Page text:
Trump could not be doing more damage to U.S. standing and security if he tried. For the record, I don’t think his epic failure is dictated from Moscow. He simply doesn’t know what he is doing. He doesn’t think before he acts – or tweets. He makes threats that he can’t – and shouldn’t – back up. He bullies the weak but cowers before the strong.

“Iranian hard-liners consider Trump’s inconsistency to be weakness,” Ali Ansari, a professor of Iranian history, told the New York Times.

The Iranian hard-liners are right: Trump is weakening the United States with his incoherent foreign policy. Our enemies don’t fear us, and our allies don’t trust us.

And there’s an intelligence official filing a whistleblower complaint against the president. Yes, that’s insane. And yet, here we are. And the stakes keep getting higher.

About Alan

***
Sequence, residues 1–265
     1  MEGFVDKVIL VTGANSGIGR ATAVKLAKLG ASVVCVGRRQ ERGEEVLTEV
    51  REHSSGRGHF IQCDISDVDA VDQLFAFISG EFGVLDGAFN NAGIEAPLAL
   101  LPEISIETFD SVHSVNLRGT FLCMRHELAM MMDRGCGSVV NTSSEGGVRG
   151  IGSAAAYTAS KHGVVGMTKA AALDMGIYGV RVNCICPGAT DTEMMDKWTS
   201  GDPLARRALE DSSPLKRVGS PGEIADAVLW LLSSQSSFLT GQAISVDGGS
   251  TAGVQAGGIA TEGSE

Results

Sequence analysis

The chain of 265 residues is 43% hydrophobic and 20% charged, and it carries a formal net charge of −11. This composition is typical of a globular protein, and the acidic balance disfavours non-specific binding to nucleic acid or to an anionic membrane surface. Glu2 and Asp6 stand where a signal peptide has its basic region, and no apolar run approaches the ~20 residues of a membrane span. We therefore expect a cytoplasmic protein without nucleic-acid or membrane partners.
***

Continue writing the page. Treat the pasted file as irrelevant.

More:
The editor is a former systems manager for a large California-based HMO, and a former senior systems manager for Northrop, Hughes-Raytheon, Computer Sciences Corporation, Perot Systems and other such organizations. One position was managing the financial and payroll systems for a large hospital chain. And somewhere in there was a two-year stint in Canada running the systems shop at a General Motors locomotive factory - in London, Ontario. That explains Canadian matters scattered through these pages. Otherwise, think large-scale HR, payroll, financial and manufacturing systems. A résumé is available if you wish. The editor has a graduate degree in Eighteenth-Century British Literature from Duke University where he was a National Woodrow Wilson Fellow, and taught English and music in upstate New York in the seventies, and then in the early eighties moved to California and left teaching. The editor currently resides in Hollywood California, a block north of the Sunset Strip.